It is said that if a photo does not look good in color, it could still look decent in black and white. Indeed, but only to some extend, but even if it is so it's usually down to pushing it. The truth is that if you want to have great results in black and white, you should post process your photo in color first. If you capture something really interesting, and the shot is slightly out of focus or the composition is off, sure thing, convert it to black and white, throw some filters and call it art. But if you are serious about your portfolio or the quality of your photography art, then you will want your photos to look amazing regardless of whether they are in back and white or color. For me, black and white conversion takes LONGER, than editing photos in color. I make sure I got my shot tuned in color version, and then I work on black and white. I usually decide on post processing in the very moment of capturing the image, especially that retouching is an integral and essential ingredient of a successful image. If you want to learn more about black and white conversion watch my full length in-depth photoshop video tutorial.

Good light and body language - two key elements of portrait photography

No matter who I am photographing, I always say the same thing - I need good light and natural body language, and the rest can be fixed in post production. Modern photography is all about those three elements, and retouching is a seriously underestimated powerhouse. If you are a pro or amature photographer, and especially if you are a portrait photographer, you must learn photo retouching or else your photos will be weak. And I do not care about what all the "pure photography" idiots tell you, they just jealous, lazy or not talented enough to be able to work their own photos. I go even further, I think that post processing is more important than shooting, and the reason for this is simple - the possibilities you have with photoshop (forget lightroom and all the presets, leave that crap for lazy people), provided you have an artistic sense and vision, are endless. For anyone interested in private photoshop workshops, see here. Portrait editing is all about fixing all small issues that we all have as humans, like tiny skin discolorations, skin unevenness, over pronounced features due to unfortunate lighting, things that mess up the compositions but could not be dealt with in camera, and so on. If your editing skills are low, you are stuck with what you capture. Photography is not about what you capture, but what you want to share and show. Photography should not be a xerox copy of reality, but an image of a combination of your own artistic vision with the energy of the unique moment in time that you have witnessed.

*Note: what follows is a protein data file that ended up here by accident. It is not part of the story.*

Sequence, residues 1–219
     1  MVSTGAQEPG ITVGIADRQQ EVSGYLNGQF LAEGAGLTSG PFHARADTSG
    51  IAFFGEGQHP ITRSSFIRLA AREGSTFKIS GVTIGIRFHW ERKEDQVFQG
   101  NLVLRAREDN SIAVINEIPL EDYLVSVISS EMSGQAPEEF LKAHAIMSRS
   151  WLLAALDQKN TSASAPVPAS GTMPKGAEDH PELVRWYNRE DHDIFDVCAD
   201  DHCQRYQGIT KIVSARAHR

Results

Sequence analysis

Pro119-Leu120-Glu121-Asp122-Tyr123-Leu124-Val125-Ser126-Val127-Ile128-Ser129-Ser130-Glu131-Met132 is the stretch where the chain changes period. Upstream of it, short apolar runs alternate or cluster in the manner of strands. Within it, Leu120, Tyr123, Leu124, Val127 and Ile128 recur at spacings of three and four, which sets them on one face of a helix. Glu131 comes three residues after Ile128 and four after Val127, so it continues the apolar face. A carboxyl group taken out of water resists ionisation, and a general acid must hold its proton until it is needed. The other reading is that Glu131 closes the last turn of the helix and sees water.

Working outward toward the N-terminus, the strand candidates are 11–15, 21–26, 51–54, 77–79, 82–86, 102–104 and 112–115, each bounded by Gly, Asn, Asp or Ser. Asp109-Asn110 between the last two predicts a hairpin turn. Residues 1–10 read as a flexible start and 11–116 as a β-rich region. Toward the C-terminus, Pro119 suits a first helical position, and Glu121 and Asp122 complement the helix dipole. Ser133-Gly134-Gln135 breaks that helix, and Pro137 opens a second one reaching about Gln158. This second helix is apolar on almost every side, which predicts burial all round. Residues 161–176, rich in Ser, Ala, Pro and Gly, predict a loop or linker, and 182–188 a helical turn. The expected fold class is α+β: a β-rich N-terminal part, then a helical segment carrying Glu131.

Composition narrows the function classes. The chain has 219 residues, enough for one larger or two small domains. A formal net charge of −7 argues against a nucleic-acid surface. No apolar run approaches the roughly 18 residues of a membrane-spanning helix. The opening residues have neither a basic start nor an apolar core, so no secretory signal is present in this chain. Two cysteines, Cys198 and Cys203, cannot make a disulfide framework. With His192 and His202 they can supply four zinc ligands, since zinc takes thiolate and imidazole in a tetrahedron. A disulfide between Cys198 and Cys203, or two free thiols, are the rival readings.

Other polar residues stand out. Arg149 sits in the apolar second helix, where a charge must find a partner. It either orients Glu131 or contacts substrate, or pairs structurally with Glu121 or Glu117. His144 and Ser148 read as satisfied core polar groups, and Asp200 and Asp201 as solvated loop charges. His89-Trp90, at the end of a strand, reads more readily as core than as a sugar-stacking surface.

model: Diana

model: Diana

Portrait photography at cosplay Event in Tokyo in Kaihim Makuhari Messe

Every large city is full of characters and fun events. Tokyo is just crazy, you can find literally everything here. Cosplay events are extremely popular, and are a phenomenal feast for portrait or event photographers. They are loaded with exhibitionists who love to perform, and have their photos taken. Here things are very organized, and one has to stand in line to wait for his or her turn to photograph a model. The business cards are exchanged, the bows are being performed and photographer after photographer is taking exactly the same photos, because the cosplay artists have only set poses and they stick to them. Now what is curious, taking photographs before your turn comes up is seen as impolite, which is rather disappointing because the best photos that I took during this event, were taken when I was not supposed to take them. The best portrait photos are usually taken when the model does not expect it. They feel natural and interesting, especially when captured from a third person view, like this one, which turns the photo from a simple headshot, into a much more complex story. 

Cosplay artist posing for a photographer in Tokyo

Cosplay artist posing for a photographer in Tokyo